Gotham teacher Kyle Minor's short story collection In the Devil’s Territory has recently been published. One of the stories has been selected for inclusion in Best American Mystery Stories 2008, and Publisher’s Weekly says, “Minor has a knack for capturing melancholy and establishing empathy for his book’s many wayward characters."
Here’s a passage from the title story, in which a father gives his son advice on dealing with his fifth-grade teacher, a woman who escaped East Berlin by swimming the Spree River three times under cover of night, each time with an elderly relative on her back, so she could make her way to West Palm Beach, Florida, and “ruin the lives of fifth grade boys.”
“Sometimes I get angry,” Wayne said. “You ever get angry?
”Ronny kept eating his ice cream, but gave a slight nod.
“I’m plenty angry,” Wayne said. “I’m angry with your teacher. I’m angry with your principal. Look at me. I’m not angry at you.”
The boy looked up at him and kept eating. His eyes were green.
“Never with you. You hear?”
The boy stopped eating. Nodded again.
“I feel, son, like I’ve been lied to. Your teacher tells your principal things about you that can’t possibly be true, and he tells them to me. Ratliff tells me all year to wait, that he’s going to work on some things, that things are going to work themselves out. Nothing ever happens. Things are supposed to be getting better. Are things getting better?”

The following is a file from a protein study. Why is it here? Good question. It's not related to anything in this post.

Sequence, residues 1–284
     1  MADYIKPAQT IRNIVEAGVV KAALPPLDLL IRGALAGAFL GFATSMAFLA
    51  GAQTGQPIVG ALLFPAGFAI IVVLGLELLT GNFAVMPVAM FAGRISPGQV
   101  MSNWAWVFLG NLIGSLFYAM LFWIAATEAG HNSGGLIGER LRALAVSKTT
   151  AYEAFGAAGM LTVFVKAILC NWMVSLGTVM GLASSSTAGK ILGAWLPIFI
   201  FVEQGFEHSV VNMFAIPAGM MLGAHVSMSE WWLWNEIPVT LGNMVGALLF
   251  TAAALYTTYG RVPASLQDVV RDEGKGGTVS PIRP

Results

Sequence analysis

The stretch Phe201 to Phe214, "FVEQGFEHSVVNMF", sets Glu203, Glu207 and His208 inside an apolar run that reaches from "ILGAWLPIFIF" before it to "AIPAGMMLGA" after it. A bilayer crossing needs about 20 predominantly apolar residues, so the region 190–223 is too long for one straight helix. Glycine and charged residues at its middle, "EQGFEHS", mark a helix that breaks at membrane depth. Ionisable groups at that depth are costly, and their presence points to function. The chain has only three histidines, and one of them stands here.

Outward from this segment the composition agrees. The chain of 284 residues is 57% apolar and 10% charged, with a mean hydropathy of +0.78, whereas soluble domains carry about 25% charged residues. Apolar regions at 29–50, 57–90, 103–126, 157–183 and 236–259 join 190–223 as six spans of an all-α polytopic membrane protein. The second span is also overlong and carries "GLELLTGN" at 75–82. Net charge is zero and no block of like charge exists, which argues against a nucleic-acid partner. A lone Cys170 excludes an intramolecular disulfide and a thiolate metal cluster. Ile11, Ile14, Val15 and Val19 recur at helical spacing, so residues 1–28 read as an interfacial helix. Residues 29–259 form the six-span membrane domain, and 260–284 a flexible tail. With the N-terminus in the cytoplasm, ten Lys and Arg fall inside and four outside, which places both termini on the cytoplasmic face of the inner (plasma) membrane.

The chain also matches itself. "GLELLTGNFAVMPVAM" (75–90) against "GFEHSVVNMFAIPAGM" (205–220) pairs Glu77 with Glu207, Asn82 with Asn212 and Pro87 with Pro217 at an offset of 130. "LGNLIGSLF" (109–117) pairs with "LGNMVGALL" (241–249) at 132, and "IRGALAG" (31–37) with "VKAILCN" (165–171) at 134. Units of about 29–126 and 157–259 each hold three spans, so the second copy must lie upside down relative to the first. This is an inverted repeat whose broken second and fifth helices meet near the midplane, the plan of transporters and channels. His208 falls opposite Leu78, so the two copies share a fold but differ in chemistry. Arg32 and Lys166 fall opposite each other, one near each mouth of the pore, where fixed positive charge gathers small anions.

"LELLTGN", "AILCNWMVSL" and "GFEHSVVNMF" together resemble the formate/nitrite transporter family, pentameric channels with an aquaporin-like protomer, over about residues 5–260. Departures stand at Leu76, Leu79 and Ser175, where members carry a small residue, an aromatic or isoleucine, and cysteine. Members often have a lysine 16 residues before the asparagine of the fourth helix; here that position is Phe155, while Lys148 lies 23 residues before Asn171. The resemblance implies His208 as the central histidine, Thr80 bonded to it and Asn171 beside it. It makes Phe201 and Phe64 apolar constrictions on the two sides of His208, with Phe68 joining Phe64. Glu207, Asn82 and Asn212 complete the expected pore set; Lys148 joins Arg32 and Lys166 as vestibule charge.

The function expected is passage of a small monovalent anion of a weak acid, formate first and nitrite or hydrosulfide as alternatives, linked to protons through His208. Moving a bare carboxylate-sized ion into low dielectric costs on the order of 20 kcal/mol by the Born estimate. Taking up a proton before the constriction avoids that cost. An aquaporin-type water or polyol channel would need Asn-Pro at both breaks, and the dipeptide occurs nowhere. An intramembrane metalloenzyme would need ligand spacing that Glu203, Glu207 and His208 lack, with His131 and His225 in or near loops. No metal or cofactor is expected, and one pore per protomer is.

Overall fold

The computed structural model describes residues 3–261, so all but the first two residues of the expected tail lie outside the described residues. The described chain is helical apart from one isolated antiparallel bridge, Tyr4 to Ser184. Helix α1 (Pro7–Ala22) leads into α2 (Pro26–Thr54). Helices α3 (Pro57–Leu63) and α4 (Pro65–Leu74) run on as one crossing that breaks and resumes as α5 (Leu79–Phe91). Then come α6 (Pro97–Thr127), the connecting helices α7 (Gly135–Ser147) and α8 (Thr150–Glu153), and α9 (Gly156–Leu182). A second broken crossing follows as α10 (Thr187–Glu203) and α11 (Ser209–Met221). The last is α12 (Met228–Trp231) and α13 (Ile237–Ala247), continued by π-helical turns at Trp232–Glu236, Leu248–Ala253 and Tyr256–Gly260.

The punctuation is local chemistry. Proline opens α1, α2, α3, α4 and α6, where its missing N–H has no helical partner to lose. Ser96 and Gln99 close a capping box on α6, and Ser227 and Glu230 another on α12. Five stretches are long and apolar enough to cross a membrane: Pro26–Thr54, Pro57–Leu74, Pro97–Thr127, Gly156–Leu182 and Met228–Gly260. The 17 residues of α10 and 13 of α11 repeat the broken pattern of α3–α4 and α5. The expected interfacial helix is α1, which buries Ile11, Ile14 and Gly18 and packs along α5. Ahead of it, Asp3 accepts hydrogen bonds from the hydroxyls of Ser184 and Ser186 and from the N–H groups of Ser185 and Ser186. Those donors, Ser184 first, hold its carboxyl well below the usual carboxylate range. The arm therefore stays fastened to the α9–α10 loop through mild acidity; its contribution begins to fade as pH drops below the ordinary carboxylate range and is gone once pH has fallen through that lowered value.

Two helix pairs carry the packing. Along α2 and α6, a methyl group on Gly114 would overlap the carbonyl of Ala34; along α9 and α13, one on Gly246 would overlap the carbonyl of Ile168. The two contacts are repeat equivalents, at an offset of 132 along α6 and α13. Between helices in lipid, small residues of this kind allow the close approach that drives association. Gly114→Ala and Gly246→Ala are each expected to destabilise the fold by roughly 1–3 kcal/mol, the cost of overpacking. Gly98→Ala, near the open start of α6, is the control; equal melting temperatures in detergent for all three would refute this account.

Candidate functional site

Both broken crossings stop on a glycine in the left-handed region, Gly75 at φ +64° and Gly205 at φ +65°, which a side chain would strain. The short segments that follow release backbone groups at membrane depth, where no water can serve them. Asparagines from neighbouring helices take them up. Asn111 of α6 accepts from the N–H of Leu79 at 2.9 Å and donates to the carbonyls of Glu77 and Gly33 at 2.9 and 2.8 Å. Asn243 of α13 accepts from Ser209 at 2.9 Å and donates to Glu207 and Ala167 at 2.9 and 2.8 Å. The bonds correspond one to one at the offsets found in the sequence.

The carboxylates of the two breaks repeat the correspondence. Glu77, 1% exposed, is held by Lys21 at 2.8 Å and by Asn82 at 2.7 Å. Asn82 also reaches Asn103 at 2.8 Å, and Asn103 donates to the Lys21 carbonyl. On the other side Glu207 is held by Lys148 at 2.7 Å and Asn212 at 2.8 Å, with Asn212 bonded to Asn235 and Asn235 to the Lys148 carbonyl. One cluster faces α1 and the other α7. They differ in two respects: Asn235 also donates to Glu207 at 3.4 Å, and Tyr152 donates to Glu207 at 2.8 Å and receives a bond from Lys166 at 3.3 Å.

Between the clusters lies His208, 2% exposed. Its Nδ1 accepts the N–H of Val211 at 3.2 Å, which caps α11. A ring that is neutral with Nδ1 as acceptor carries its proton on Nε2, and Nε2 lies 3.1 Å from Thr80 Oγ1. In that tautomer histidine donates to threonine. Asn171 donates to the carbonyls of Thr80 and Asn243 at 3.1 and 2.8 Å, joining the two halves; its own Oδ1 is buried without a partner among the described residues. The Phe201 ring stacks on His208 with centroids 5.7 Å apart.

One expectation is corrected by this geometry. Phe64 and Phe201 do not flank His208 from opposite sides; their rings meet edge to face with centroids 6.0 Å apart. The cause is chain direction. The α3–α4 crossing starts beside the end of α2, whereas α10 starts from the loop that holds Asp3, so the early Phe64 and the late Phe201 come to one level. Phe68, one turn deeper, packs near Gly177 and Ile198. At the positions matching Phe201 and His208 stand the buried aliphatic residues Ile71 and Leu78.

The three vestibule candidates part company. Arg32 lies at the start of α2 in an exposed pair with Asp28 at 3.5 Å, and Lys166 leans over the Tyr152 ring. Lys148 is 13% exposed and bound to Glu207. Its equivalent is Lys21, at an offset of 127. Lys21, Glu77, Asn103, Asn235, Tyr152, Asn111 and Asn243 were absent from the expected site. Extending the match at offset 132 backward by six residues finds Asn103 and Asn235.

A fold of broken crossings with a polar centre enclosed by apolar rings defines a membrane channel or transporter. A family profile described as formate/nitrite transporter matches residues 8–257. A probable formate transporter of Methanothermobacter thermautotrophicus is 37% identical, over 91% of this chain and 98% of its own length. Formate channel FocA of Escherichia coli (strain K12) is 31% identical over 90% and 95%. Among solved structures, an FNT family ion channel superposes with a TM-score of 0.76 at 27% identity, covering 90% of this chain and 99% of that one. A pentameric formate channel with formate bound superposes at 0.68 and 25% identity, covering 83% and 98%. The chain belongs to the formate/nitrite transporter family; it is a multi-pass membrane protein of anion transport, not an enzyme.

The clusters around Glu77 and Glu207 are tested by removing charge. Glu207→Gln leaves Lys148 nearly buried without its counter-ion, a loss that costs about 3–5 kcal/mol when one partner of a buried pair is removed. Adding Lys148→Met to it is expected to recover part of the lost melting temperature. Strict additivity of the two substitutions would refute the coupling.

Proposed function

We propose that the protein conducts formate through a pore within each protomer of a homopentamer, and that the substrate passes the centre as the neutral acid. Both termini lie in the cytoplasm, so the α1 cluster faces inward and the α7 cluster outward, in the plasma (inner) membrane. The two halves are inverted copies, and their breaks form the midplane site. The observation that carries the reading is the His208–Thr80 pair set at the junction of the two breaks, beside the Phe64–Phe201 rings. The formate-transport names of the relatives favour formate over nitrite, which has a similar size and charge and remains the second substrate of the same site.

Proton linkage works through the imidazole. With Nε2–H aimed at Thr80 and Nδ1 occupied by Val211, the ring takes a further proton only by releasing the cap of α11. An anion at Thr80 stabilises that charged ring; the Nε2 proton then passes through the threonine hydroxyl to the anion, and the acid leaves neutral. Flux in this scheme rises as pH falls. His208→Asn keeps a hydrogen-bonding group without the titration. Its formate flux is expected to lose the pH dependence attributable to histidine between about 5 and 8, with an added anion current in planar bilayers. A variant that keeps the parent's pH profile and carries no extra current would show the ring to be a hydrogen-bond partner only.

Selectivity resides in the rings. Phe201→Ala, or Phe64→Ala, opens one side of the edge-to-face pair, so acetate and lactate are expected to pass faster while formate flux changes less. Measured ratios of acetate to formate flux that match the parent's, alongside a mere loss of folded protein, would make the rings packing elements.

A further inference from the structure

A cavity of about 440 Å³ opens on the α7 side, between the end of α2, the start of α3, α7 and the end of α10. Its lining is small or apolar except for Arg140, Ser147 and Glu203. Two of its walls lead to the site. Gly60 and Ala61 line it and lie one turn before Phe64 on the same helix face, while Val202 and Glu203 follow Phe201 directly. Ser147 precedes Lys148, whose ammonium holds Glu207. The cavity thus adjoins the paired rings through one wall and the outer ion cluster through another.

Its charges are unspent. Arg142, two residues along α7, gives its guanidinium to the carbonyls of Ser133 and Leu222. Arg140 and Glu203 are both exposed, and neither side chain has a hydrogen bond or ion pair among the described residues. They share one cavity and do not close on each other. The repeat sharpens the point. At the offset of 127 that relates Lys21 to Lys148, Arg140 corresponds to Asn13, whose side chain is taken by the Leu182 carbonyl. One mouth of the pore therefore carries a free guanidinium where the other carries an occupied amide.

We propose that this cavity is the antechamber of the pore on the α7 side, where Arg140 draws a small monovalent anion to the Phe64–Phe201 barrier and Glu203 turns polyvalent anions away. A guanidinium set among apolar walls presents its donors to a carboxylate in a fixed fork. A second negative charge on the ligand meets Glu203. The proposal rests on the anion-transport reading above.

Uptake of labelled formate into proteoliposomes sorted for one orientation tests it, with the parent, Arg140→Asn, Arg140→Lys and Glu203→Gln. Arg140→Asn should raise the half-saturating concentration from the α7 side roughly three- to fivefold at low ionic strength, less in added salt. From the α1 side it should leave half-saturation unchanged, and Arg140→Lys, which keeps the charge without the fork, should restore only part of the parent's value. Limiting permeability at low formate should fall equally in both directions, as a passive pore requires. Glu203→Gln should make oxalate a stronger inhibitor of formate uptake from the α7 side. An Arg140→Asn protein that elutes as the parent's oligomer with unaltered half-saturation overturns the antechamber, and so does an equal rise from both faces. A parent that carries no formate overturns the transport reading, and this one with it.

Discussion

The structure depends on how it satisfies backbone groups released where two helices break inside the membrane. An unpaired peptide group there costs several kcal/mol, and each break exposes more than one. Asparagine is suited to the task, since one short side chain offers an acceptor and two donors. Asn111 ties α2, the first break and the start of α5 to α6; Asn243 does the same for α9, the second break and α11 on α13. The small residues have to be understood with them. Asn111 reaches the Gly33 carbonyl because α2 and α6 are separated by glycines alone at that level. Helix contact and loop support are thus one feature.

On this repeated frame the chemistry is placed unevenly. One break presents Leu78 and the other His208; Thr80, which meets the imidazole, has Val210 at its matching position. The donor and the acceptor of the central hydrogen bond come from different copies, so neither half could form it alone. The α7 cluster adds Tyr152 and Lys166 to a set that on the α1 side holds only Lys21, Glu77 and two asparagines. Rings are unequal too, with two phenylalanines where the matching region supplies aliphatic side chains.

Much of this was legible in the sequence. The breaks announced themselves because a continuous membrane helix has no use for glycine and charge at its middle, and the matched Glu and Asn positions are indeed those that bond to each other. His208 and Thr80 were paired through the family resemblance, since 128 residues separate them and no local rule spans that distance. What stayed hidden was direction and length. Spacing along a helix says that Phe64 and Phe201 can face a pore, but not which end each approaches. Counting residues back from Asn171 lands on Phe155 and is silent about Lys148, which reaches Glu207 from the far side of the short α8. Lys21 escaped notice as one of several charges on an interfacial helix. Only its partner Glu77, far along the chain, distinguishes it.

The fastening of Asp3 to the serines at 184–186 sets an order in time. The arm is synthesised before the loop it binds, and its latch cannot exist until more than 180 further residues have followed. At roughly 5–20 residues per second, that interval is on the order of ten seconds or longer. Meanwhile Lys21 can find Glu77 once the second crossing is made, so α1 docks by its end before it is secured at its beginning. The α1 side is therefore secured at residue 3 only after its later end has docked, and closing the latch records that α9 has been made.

The boy nodded again. “Yes,” he said. Wayne had the feeling he was saying what he was supposed to say. She had broken the boy like a horse, had broken the boy’s spirit. His boy. My boy.
What he had to say now, he was going to have to be delicate about it. “I don’t think it’s right to lie. That’s what I taught you, right?”
“That’s right,” the boy said.
“Most of the time it’s not right to lie,” Wayne said. “Ninety-nine point nine nine percent of the time it’s not right.”
The boy was very still.
“But here we got a problem,” Wayne said, “and I don’t know what do about it exactly. We got a problem like they had in the old days, when the saying was an eye for an eye and a tooth for a tooth. We got some people with a lot of fight who aren’t willing to have a fair fight, and I’m thinking about the American Indian. Do you know about the American Indian?”
The boy was nodding.
“You got your white man with his muskets,” Wayne said. “You got your redcoats, and then you got your regular Americans. They got guns, they got gunpowder. You learn about this in history. Guns and gunpowder, and all the Indians got is bows and arrows, and maybe the British and the regular Americans have cannons, too.
“So what’s the smart Indian gonna do? March into battle head-on, with their bow and arrow and get blown away?”
No, the boy was saying.
“No is right. The Indian is smart, or at least he’s smart enough to want to stay alive. So he’s gotta change the rules of the warfare. He’s gotta hide in the bushes, and wait until the white man is passing, and then jump out and brain him with a rock, and then be gone before anybody has presence of mind enough to shoot at him.
“To the white man it’s cheating,” Wayne said, “but to the Indian it’s doing what you have to do to survive. Do you get what I’m saying?”
Yes, the boy was saying.
Reprinted by permission of Dzanc Books. For more information on Kyle and his book, visit kyleminor.com